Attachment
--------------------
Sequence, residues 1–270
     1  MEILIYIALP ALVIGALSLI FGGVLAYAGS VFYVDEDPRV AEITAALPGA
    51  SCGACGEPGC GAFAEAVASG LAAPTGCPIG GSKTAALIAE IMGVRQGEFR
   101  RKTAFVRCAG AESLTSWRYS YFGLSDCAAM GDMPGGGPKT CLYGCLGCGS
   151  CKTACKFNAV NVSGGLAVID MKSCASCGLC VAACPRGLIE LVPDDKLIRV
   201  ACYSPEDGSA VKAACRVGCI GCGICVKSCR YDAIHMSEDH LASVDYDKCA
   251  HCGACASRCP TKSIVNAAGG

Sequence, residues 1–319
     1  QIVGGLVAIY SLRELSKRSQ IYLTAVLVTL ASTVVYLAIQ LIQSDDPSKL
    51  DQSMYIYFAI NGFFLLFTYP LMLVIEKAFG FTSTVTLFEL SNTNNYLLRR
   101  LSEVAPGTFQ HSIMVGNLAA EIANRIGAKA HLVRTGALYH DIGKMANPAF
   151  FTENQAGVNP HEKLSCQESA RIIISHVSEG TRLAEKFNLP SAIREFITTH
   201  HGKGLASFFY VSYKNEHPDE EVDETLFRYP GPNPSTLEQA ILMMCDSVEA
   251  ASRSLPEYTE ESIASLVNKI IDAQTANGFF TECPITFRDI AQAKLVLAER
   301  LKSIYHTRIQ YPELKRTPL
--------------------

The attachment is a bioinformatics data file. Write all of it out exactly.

Sequence, residues 1–270
     1  MEILIYIALP ALVIGALSLI FGGVLAYAGS VFYVDEDPRV AEITAALPGA
    51  SCGACGEPGC GAFAEAVASG LAAPTGCPIG GSKTAALIAE IMGVRQGEFR
   101  RKTAFVRCAG AESLTSWRYS YFGLSDCAAM GDMPGGGPKT CLYGCLGCGS
   151  CKTACKFNAV NVSGGLAVID MKSCASCGLC VAACPRGLIE LVPDDKLIRV
   201  ACYSPEDGSA VKAACRVGCI GCGICVKSCR YDAIHMSEDH LASVDYDKCA
   251  HCGACASRCP TKSIVNAAGG

Sequence, residues 1–319
     1  QIVGGLVAIY SLRELSKRSQ IYLTAVLVTL ASTVVYLAIQ LIQSDDPSKL
    51  DQSMYIYFAI NGFFLLFTYP LMLVIEKAFG FTSTVTLFEL SNTNNYLLRR
   101  LSEVAPGTFQ HSIMVGNLAA EIANRIGAKA HLVRTGALYH DIGKMANPAF
   151  FTENQAGVNP HEKLSCQESA RIIISHVSEG TRLAEKFNLP SAIREFITTH
   201  HGKGLASFFY VSYKNEHPDE EVDETLFRYP GPNPSTLEQA ILMMCDSVEA
   251  ASRSLPEYTE ESIASLVNKI IDAQTANGFF TECPITFRDI AQAKLVLAER
   301  LKSIYHTRIQ YPELKRTPL